Paper, scissors and his mum’s computer - the three ingredients for young Sheffield entrepreneur Alex Gwynne’s creative success as a toy maker, as Star reporter Rachael Clegg finds out.
ALEX Gwynne had no idea what was in store when he started messing about with paper for his GCSE exam.
Stuck for inspiration for his final exam piece, Alex found some images of paper toys on the internet - and decided to make his own.
And, quickly, what started off as a one-off art project became a full-time obsession, one that eventually led to a business and a £40,000 cash injection as part of the AXA Ambition Awards last December.
Now Alex is a fully-fledged entrepreneur - and he’s just 19.
Indeed, Alex has come a long way since he made his first paper toy for school. Now the young designer - who is studying a foundation degree in Graphic Design at Norton College - has created more than 50 toys and has had almost 15,000 visitors to his AG Paper Toys site in just over a month.
“It sort of just happened,” says Alex, sitting among an army of his paper toys.
“I didn’t expect it all to take off like it did. I knew I wanted to create ‘urban toys’ for my GCSE exam, and that was it.”
‘Urban toys’ refers to toys that are part-action figure, part-collectable items, and can be enjoyed by children and adults alike.
The ‘toys’ are paper cutouts, designed by Alex and covered in colourful patterns and computer-generated textures.
The toys are downloadable for customers to print out flat at home, with clear lines showing where they need to be cut, folded and sticky-taped together.
They are quirky, accessible, colourful and clearly quite collectable.
But despite their impressive appearance, they are created on fairly basic software, as Alex explains.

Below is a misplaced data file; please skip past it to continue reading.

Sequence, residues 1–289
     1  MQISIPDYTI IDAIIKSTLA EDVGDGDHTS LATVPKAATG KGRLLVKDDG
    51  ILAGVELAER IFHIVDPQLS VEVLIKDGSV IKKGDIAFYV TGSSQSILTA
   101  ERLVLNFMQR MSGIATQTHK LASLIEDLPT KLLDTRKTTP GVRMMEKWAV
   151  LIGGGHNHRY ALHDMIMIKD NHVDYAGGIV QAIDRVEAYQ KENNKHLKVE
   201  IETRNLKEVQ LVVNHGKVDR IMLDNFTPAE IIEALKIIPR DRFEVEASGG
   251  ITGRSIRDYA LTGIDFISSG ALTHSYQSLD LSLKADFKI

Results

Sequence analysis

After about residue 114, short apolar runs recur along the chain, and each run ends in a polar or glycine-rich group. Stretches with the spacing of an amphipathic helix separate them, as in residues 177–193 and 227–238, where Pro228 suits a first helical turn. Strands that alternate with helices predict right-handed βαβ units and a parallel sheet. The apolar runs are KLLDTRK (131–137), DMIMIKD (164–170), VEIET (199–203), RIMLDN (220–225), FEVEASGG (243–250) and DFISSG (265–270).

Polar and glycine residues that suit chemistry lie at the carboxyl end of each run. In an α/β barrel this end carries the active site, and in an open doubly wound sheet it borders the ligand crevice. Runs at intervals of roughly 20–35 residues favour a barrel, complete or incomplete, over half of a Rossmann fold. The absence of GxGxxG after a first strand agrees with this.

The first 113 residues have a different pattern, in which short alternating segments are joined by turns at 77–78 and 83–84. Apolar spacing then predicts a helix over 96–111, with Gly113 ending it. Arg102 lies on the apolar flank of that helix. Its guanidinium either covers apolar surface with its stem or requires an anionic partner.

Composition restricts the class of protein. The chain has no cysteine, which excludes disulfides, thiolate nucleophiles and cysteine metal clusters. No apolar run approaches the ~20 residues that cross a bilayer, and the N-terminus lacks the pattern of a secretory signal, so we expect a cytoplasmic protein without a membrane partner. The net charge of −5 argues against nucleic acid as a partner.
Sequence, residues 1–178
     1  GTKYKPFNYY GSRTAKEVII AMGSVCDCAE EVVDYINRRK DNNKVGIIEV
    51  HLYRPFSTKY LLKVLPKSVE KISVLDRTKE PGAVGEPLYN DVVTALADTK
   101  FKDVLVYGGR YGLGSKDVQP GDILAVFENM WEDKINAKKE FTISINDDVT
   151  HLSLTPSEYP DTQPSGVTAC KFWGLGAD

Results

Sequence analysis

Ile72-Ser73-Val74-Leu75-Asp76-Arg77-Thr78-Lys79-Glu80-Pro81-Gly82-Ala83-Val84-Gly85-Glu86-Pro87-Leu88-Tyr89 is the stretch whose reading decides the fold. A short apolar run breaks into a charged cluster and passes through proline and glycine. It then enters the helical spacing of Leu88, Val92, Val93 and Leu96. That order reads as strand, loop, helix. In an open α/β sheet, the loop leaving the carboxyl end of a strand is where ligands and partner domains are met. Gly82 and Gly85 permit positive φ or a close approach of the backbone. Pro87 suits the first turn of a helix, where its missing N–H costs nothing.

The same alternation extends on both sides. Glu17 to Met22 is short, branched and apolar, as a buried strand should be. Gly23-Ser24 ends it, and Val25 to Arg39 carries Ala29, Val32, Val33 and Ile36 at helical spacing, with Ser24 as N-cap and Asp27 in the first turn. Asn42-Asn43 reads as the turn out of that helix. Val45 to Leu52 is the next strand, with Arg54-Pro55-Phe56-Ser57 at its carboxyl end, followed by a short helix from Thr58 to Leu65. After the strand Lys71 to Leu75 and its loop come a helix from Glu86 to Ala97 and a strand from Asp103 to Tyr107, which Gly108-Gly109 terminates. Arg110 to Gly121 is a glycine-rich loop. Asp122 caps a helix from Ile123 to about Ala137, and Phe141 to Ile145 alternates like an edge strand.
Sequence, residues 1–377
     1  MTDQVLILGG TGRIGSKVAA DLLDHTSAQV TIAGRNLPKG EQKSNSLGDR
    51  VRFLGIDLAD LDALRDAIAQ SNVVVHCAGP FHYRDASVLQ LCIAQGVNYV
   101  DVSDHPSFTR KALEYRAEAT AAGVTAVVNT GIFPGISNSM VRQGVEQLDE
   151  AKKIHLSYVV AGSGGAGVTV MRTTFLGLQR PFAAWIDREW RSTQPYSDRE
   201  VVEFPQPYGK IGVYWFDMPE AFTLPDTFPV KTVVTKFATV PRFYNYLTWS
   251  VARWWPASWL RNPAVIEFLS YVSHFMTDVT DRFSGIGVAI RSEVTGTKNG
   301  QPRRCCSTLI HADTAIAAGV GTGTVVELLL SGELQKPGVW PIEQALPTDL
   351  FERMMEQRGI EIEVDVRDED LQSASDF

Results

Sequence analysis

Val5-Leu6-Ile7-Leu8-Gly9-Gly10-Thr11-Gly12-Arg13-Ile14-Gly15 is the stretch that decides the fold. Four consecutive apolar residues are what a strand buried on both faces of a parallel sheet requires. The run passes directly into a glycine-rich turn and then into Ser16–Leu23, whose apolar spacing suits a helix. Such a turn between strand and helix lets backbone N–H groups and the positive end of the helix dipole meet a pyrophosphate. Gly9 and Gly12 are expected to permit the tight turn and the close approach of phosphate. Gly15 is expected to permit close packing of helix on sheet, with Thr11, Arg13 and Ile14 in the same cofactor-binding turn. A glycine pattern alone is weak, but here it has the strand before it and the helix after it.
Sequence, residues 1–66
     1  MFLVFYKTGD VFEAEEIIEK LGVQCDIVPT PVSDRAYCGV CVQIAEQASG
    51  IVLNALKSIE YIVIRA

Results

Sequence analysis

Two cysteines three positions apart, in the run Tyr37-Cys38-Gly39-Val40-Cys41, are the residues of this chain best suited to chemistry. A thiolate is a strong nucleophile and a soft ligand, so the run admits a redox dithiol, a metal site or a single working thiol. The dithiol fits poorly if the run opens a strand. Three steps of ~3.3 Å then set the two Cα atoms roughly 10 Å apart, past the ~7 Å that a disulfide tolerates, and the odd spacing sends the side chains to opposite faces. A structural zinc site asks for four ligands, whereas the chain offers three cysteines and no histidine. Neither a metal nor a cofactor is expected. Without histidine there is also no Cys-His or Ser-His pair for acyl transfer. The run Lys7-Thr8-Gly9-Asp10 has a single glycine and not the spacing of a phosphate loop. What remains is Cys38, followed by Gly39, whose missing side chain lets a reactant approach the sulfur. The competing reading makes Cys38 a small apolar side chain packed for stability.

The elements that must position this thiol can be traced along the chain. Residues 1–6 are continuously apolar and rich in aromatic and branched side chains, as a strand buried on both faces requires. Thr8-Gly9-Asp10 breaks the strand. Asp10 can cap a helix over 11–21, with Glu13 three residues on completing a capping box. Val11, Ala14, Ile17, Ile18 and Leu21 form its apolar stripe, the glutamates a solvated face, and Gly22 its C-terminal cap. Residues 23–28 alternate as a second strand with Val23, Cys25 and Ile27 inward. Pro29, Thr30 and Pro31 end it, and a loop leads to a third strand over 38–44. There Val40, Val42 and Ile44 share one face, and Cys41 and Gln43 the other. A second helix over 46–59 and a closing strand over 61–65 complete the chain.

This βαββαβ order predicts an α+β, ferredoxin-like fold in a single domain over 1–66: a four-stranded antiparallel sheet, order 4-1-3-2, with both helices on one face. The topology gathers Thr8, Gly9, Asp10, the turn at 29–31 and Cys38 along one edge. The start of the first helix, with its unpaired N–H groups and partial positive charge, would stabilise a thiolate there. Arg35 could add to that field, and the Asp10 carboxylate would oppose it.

“I just used Power Point,” he says. “People don’t realise but you can actually do quite a lot with Power Point.”
As his business has grown, taking on more and more commissioned work, Alex has started to branch out - and has at last bought his own computer... rather than using his mum’s.
“I was using my mum’s PC, which drove her a bit mad because she’d need it to read her emails and I’d be like, ‘Just a minute mum’.”
Now he’s juggling a part-time graphic design course and his work as the brains behind AG Paper Toys. “It’s strange because this is my hobby as well. So I do what I have to do for my commission work and then I carry on creating toys in my spare time.”
And despite blending his hobby into his occupation, Alex says he hasn’t got fed up of making paper toys.
“People say that as soon as something stops being your hobby and becomes your job you get bored of it, but the potential with this is such that I don’t think I’ll ever get bored.
“I won’t get any sleep either mind you!”
Alex admits his ideas often keep him awake - but daydreaming about his toys isn’t as straightforward as it sounds.
Because his customers download them as cut-out forms that require modelling, Alex has to imagine them as 2D drawings, 3D objects and 2D ‘nets’.
“It’s like I have a screen of vision in my head - I have to work in four dimensions, thinking about the drawing, the 3D object and the plan while thinking about how the 3D object can be ‘flattened-out’ into a 3D object.
“But that sounds a lot smarter than it actually is..!”
By the end of this year, Alex will have published a book and will have exhibited his toys for the public.
“I’m making a book of robot paper toys for a publishing company in London,” he reveals.
“It’s going to be called Robot Rumble.”
But it’s not just commissions Alex is working on.
He aims to release a ‘new toy a week’ as a way of retaining interest from his website followers, and this year will be launching a series of toys based on the Apocalypse, as 2012 is the year the Ancient Mayans predicted would witness the end of the world.
Then, in December, Alex will bring out a batch of Christmas toys.
“I have to start working on these projects now though,” he says, “because otherwise I will never get it done - I’m going to be releasing about 40 toys for Christmas as well as a paper toy advent calendar.”
Remarkably, Alex’s toys are free to download - he makes his wage from commissions. “I’m earning about an average wage now and I’m hoping that will go up,” he says.
Despite his success Alex is modest about his quirky enterprise, which is run from his bedroom in Woodseats.
“I don’t think I’ve done a lot really. I’m not really proud of myself because all I have done is stumbled into something - it’s not particularly clever.”
Looking at the intricacies of the toys he creates, that is clearly something of an understatement.